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Transformation Going Back to Roots

Written by Rita Kennen

Self-discovery advice by accepting who we are.

Millions of third-generation American Jews search for a deeper meaning to their secular lives. Although they yearn to be part of a religion, Judaism feels like an enigma. Others, like writer Lisa Schiffman are brave enough to explore the spiritual frontier. Her discoveries are chronicled in her humorous and poignant memoir, Generation j.

Questions You Can Ask to Solve Any Problem
Lisa Schiffman
Age: 35
Education: Masters degree in social anthropology from Oxford University.
Occupation: Author and Internet strategist for the Web sites of major corporations.
Projects: Starting a family.
About the book cover to her book:
I wanted to reclaim the Jewish star. I wanted to take something the Nazis had made ugly and turn it into something beautiful again by putting it on my body.---Lisa Schiffman
 
Raised in a family where Judaism wasn't a large part of the equation and socialized into a largely non-Jewish circle of friends, Schiffman refers to her early Jewish identity as "in the closet."
 
"I remember feeling different," she explains.
 
"It wasn't unusual to be exposed to careless anti-Semitism. One year in high school I went to a prom at a nearby Catholic high school. We were all sitting at the dinner table, and the conversation turned anti-Semitic. I don't think anyone there realized I was Jewish," she says. In that incidence Schiffman didn't say or do anything, "It was my way of being."
 
Jewish life tugged at her only gently until years later as she planned her wedding to a gentile.
 
Although asking her fiancé to convert never crossed her mind, Schiffman instinctually felt close to her Jewish roots as she approached her transformation into a married woman. "I still wanted to be married by a rabbi," she confides. "I wanted the blessing of the Jewish faith there at that important rite of passage."
 
Her book describes how tough it was to find a rabbi willing to marry an interfaith couple. The ones they talked to either said no, or would only agree if the pair swore to raise their children as Jews.
 
Schiffman and her fiancé eventually found someone to do the job. Although he wasn't a rabbi, neither she nor her fiancé felt cheated. A cantor who had officiated at many weddings performed the ceremony. He was also an actor, and among his acting credits was the role of the rabbi in the movie Goodbye, Columbus.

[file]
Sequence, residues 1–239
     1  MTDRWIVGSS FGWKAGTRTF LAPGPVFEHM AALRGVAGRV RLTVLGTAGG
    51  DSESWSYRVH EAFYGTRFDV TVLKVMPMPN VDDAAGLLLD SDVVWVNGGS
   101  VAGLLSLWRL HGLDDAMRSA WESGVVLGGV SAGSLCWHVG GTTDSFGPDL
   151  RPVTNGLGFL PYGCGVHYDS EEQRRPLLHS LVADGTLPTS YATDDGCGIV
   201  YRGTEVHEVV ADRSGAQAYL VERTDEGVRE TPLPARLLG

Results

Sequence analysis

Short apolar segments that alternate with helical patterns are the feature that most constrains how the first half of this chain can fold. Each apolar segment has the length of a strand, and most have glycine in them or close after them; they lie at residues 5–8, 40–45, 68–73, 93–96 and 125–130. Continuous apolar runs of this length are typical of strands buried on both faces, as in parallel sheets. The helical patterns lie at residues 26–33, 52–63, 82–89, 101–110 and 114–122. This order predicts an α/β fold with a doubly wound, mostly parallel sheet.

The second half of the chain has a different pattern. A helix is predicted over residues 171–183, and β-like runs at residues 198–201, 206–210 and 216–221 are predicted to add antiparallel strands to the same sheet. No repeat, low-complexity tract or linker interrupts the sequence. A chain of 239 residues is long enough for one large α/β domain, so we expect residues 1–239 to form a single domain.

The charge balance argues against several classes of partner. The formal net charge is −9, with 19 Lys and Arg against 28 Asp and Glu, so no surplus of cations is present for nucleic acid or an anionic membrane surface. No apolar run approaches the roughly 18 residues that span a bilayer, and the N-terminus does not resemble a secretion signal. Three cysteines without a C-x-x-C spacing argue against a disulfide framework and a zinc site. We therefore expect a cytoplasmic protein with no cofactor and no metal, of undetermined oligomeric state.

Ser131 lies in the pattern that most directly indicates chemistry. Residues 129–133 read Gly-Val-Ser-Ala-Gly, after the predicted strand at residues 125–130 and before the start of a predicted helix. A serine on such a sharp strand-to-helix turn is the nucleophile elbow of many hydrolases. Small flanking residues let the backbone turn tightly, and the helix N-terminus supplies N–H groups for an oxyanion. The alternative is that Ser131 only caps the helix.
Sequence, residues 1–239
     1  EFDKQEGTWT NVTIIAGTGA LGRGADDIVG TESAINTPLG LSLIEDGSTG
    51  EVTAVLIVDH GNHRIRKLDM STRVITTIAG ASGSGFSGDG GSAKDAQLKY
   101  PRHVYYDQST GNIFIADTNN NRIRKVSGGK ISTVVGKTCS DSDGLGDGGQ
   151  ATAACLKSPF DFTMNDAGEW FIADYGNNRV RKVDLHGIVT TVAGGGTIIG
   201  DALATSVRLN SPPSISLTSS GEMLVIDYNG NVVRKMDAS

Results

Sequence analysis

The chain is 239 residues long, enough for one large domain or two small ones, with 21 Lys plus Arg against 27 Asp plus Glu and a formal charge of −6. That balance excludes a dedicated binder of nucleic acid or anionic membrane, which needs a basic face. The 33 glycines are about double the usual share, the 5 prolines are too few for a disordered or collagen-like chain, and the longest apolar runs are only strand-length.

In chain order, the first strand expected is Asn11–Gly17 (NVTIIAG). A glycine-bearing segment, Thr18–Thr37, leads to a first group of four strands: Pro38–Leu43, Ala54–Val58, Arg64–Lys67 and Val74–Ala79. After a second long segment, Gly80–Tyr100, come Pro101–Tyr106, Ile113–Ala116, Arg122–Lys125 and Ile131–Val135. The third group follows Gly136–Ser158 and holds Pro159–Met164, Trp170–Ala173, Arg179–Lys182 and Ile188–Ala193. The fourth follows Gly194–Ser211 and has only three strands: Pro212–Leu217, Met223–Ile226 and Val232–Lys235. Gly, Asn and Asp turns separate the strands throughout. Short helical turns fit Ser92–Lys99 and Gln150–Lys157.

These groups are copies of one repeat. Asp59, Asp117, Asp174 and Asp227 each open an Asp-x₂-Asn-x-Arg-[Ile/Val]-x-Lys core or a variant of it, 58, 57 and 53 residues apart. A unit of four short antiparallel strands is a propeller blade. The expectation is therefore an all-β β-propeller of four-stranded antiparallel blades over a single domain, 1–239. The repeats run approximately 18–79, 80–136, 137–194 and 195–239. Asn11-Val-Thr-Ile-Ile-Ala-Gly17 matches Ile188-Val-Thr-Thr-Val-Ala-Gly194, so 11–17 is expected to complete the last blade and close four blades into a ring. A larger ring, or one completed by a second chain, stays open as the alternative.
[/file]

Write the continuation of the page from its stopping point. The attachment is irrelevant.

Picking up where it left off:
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Part II: Dipping into the waters of Judaism

I used to think being Jewish was like carrying around an old piece of baggage. Now I think of it like a prism. You hold Judaism up to the light and it reflects back wonderful things.--Lisa Schiffman-

Once married, Lisa Schiffman continued to seek out what Judaism meant to her. She participated in a variety of religious services, sometimes bringing her atheist parents along. She formed a relationship with a rabbi.

Rebelling against the dietary restrictions imposed on religious Jews, she consciously ate non-kosher food for an entire week. Later she immersed herself in the waters of a mikvah, the ritual bath associated with menstruation and purification.

Little by little, Schiffman stripped away the confusion surrounding her Jewish identity. "I don't think there is a right way to be Jewish," she says. "For me, it's like any relationship. Every day is a little different. One day it's heart based, another it's brain based, such as when I'm reading a Jewish based text and trying to figure it out."

Rather than a religious revelation, Schiffman's Jewish transformation is subtle and continues to evolve. For her, being Jewish is an identity based on heritage and a sense of community. She's concluded you can still be Jewish even if you don't observe the holidays or go to synagogue.

Schiffman now feels Jewish by choice as well as by birth.

With a master's degree in social anthropology from Oxford University and experience as associate editor for the San Francisco Review of Books, Schiffman is a highly educated professional who lacked a spiritual dimension. Her personal growth blossomed when she found her place among other Jews.

"Anytime you are uncomfortable with a core piece of who you are, you can't be whole," says Schiffman. "Confronting and reconciling with the Jewish part of myself has made me much stronger and not as restless. I'm not searching for who I am, but I am still learning about my relationship to Judaism."

Schiffman and her husband, who live in Oakland, Calif., are expecting their first child. "We want our child to have a Jewish identity. We have to figure out how to do that, so even though the book ends, the journey continues."

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